Buddy Christ: Conductor of the Great Guilt Machine

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There is a great degree of peace that comes from not only knowing who you are, but also in finding a Christian community that embraces who you are while helping you to improve your obedience to Christ.  In my personal journey of faith, I have experienced this peace most poignantly after making a transition from what has come to be known as a “low church” setting to what is called the “high church” setting.  Let’s get the formalities out of the way, first.  High church most commonly refers to how a church conducts its worship services.  They typically incorporate the church calendar into a pre-determined order of service and annual order of services.  They typically incorporate some form of worship vestments, ritual, and other such accoutrements.  They typically conduct their worship in buildings that one could consider more architecturally sacred or traditional (as much of the liturgy actually plays off the layout of the worship space).  All of this informs the “high church’s” ecclesiology and theology as well.  Just how that liturgy informs one’s theology is precisely the point of this post.

First, perhaps most importantly, I do not intend to speak pejoratively of the Low Church tradition.  I have not come to think of “low church” as meaning unsophisticated or less intellectual, which is often the case when folks use the term.  I use the terms low church and high church in their appropriate sense, as described above.  Nonetheless, there is an interesting shift in perspective that seems to have taken place in my move to the high church.  Indeed, it is the reason making the move has proven so spiritually healthy for me. 

Much of the Low Church practices what I like to call “Jesus is my best friend” Christianity.  For the sake of clarity, I am not accusing all Low Church Christians of practicing “Jesus is my best friend” Christianity.  In fact, I have healthy relationships with a number of people that seem to be able to function within the Low Church tradition without being affected by “Jesus is my best friend” Christianity.  Now, in fairness, I have many, many more friends in the Low Church that are completely and irrevocably invested in “Jesus is my best friend” Christianity.  And, frankly, it serves them well.  Until you have been part of a congregation comprised of the poorest of the poor – the dregs of society, that comes together on Sunday and rejoices that they have a Savior that is friend and brother, I am not sure you can really appreciate the value of the Low Church.  However, though I have seen plenty of my own personal poverty, I am not wired like anyone that benefits from “Jesus is my best friend” Christianity.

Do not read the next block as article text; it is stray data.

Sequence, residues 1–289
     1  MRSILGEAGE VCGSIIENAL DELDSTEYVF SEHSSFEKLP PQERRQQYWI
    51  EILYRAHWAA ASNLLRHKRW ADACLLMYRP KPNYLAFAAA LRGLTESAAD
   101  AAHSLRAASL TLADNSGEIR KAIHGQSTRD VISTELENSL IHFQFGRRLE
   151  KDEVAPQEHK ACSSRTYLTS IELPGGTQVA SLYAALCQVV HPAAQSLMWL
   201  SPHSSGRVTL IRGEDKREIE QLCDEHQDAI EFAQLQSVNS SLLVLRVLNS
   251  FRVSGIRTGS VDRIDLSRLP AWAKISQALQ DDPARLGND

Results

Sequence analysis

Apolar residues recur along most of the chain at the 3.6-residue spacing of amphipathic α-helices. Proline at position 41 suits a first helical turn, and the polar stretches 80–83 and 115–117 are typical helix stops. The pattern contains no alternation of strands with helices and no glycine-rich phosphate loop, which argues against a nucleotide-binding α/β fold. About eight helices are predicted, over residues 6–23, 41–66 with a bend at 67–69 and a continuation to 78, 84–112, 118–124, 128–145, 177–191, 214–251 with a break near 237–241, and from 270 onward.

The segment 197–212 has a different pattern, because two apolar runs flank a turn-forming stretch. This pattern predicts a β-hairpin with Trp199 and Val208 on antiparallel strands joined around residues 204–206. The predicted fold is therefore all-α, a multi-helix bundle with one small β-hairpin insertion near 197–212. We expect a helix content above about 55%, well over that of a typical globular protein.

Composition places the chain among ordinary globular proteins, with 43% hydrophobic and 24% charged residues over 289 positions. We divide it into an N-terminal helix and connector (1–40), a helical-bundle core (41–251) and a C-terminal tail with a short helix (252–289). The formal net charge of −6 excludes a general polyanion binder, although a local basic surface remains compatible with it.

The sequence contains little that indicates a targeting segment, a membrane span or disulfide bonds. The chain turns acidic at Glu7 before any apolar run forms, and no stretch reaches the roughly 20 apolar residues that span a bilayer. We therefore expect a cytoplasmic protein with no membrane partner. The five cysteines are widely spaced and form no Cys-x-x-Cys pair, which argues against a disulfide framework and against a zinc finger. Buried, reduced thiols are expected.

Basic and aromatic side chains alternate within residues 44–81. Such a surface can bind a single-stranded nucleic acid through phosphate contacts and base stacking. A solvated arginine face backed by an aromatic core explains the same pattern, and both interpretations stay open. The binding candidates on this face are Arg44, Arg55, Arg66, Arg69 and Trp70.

Here’s the inside track on “Jesus is my best friend” Christianity.  These Christians actually have a relational experience with Christ that functions in the place of deep, fulfilling human relationships.  However, if you can imagine the relational guilt and frustration that comes from having a close friend snub you, then you can understand how the Low Church brand of “Jesus is my best friend” Christianity became a toxic environment for me.

I have never felt guilt over anything like I did when I would hear friends; pastors or relatives speak of their “relationship” with Jesus.  Jesus doesn’t whisper in my ear throughout the day like my bff.  He doesn’t greet me in the morning with gentle encouragement like my wife.  He doesn’t hold me in his arms and comfort me like a parent when tragedy strikes.  Jesus isn’t my best friend.  And until I figured out how that played into who I am, I lived a guilt-ridden existence. 

I have prayed much penance, and I have performed much personal punishment, and I have cried out in anxiety on many occasions, because I was left thinking that Jesus didn’t want to be my best friend since I didn’t experience those things.  You can imagine how distressing that must be since another essential doctrine of the Low Church is how damn much Jesus loves everyone and everything, except apparently (I thought) for me.  So, needless to say, once I was able to remove myself from that environment, life got a bit better.